Geometric Computing Challenges in Micro and Nano Manipulation Using Optical Tweezers

Presenter: S.K. Gupta, University of Maryland at College Park

Collaborators: Tao Peng, University of Maryland at College Park
Tom LeBrun and Arvind Balijepalli, National Institute for Standards and Technology   

Our group is currently investigating the use of laser-based optical tweezers to perform nano and micro manipulation. Our plan is use optical tweezers to perform autonomous assembly. Basically, we are trying to trap very small components using lasers and move them into certain geometric configurations autonomously. The eventual goal is to use this method to prototype nanoscale electronic and photonic components. This method can also be used to study cell and drug interactions.

People have successfully manually operated optical tweezers to manipulate a wide variety of objects. Manual operation requires considerable expertise in running optical tweezers as well as limits the complexity of the device that can be successfully assembled. Therefore, our main emphasis is to achieve a very high degree of autonomy in manipulation tasks. The basic idea being that the human operator defines the tasks and the system actually performs in autonomous manner. In our pursuit of autonomous assembly, we have identified a number of challenges in the areas of shape modeling and representation that need to be addressed.

Assembly manipulation tasks are performed in a fluidic medium and due to the Brownian motion everything constantly moves. Therefore, to achieve autonomy we need to first build an on-line monitoring system that can construct and update the 3D workspace at least at video rate (we would like to achieve speeds of 50Hz).  This on-line monitoring system will need to (1) construct 3D shapes of components, (2) identify them, and (3) track their 3D locations and positions of components in the workspace. Optical section microscopy is a promising technique for accomplishing this. It may not be possible to image the entire cross section of the workspace simultaneously due to the limitations of the camera resolution. Therefore, there are many challenging questions that need to be answered. What is the optimal way to image the workspace?  How to use out of focus images to recover depth using an optical model? How to calibrate the imaging system? How to process information so that we achieve updates at 50Hz? How to perform recognition of highly compliant and translucent structures?

Due to constant motion of components, inherent compliance of components (e.g., cells, viruses), limited resolution of imaging techniques, and optical effects observed at small scale, the model of the workspace constructed by 3D imaging system contains significant uncertainties. We will need to figure out how to model uncertainties in shapes and locations. Constructing a very detailed and accurate model of uncertainties may be very time consuming. On the other hand a highly simplified model of uncertainties may prove to be of very little use in autonomous path planning.  Therefore, we will need to figure out the appropriate models of uncertainties. We will also need to model compliance in shapes of components to support geometric reasoning. A very detailed mechanics-based model of the shape compliance will not be suitable for real-time path planning. Therefore, we will need to develop reduced order models to represent compliance.  We will also need to develop models that can determine the error bounds on these reduced order models.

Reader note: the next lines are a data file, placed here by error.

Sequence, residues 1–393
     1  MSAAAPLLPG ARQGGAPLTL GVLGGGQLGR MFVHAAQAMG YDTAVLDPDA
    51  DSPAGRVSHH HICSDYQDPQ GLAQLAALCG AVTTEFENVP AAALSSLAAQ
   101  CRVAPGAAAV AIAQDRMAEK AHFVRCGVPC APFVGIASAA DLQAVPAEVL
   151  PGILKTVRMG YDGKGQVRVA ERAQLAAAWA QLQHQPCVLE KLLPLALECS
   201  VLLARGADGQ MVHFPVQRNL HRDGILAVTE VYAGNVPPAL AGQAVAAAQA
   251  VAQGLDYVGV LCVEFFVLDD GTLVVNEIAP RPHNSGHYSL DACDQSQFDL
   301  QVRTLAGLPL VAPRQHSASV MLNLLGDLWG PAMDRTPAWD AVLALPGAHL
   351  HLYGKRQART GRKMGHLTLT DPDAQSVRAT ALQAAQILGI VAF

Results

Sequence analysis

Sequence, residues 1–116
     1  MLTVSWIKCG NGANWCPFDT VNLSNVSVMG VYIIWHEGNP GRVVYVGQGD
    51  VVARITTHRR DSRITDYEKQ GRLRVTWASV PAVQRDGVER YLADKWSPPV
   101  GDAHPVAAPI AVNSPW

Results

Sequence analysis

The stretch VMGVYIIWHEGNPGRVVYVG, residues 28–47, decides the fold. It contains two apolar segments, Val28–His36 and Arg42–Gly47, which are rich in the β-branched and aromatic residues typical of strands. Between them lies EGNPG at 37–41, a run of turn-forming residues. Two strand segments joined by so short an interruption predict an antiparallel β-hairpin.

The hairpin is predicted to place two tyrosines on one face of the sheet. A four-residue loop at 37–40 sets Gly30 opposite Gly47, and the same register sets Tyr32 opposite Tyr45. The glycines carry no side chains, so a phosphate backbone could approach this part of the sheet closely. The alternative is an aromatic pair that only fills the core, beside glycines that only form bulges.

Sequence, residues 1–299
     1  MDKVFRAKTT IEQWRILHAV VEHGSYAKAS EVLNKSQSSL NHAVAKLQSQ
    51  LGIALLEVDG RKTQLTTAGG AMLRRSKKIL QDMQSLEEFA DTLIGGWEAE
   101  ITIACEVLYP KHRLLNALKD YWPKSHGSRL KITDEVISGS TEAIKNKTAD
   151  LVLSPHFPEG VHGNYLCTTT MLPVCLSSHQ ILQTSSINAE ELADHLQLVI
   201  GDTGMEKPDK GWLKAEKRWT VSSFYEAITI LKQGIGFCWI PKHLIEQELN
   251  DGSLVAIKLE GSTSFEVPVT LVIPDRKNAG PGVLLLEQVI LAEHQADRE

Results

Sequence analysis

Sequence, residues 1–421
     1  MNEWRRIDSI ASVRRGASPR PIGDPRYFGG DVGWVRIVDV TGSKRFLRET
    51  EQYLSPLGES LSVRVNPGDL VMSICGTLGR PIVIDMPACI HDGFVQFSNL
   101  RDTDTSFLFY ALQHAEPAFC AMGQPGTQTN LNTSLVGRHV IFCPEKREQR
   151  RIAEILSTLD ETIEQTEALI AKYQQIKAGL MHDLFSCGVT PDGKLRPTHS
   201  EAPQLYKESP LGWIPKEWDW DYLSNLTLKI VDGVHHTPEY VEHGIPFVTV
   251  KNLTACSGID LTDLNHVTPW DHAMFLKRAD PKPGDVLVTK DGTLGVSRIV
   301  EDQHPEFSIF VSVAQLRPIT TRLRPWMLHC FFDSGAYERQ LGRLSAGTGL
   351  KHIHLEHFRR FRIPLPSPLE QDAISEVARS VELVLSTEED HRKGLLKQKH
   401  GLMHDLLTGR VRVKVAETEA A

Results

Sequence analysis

Components continuously move in the workspace. Therefore, collisions are unavoidable. Therefore, it is highly likely that during the manipulation task, the manipulator (i.e., optical tweezers) will loose the component. Therefore, path planning will have to include recovery strategies as a part of the basic planning. The trapping laser can also be time shared to move multiple components. Hence the laser can also be used to move components that are in the way of the target component and hence clear the path. The physics of trapping imposes constraints on the speed at which the laser can move a trapped particle through the space.  Moreover, there are also constraints on the shape of the trap and clearance that need to be maintained between the trap and the other components in the workspace. In order to perform planning, we will need to identify and model relevant constraints in a geometric framework.  This will require us to reformulate path-planning problem with the suitable modifications to goals and constraints. The new problem formulation may require new geometric algorithms as well.